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So Haman is hanged (Esther 7). The details of how this point in the narrative is reached simultaneously attest to the providential hand of God and the narrative skills of the author of this little book. Esther’s second garden party leaves Haman completely exposed and utterly defenseless. A few minutes later he falls over himself on Esther’s couch, begging for his life, only to find that his actions have been interpreted by the enraged King Xerxes as a crass attempt to molest the queen. Moreover, that seventy-five-foot gallows prepared for Mordecai—the Mordecai whom Haman was forced to honor—now becomes the site for his own execution. The man who wanted to commit genocide is killed.
In hindsight, how easy the operation has been. Despite Mordecai’s agonized tears, despite Esther’s uncertainty and her call for three days of fasting and prayer, from this vantage point the result seems almost inevitable. Nevertheless, observe:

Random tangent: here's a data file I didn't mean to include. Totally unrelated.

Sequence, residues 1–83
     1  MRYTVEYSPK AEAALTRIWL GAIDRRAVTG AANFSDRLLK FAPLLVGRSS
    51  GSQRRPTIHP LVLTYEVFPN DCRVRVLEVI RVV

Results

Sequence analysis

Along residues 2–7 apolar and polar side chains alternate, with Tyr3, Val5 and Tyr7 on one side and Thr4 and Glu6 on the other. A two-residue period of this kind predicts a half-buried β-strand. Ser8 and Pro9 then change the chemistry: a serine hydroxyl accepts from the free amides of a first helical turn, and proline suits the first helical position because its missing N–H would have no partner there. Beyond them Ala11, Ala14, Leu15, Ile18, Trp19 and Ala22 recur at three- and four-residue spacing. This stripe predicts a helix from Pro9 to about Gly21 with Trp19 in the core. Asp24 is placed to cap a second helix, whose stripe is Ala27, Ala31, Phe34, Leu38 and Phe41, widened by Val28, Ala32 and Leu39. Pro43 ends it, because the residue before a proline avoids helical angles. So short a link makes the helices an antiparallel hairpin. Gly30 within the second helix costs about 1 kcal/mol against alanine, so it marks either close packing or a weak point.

First, in most of the conflicts in which we find ourselves, not least conflicts about the Gospel and the life and health of God’s people, we do not know the outcome as we grimly enter the fray. That knowledge is reserved for God alone. Yet Christian faith is never to be confused with fatalism; the intervention of Mordecai and Esther demanded soul-searching, faith, prayer, and obedience. In retrospect, even their presence in the court and on the fringes of the court was God’s preparation, and certainly the outcome was God’s doing; but never should our confidence in God’s ultimate victory dilute our own passionate involvement, intercession, and insertion into the affairs that touch God’s covenant people.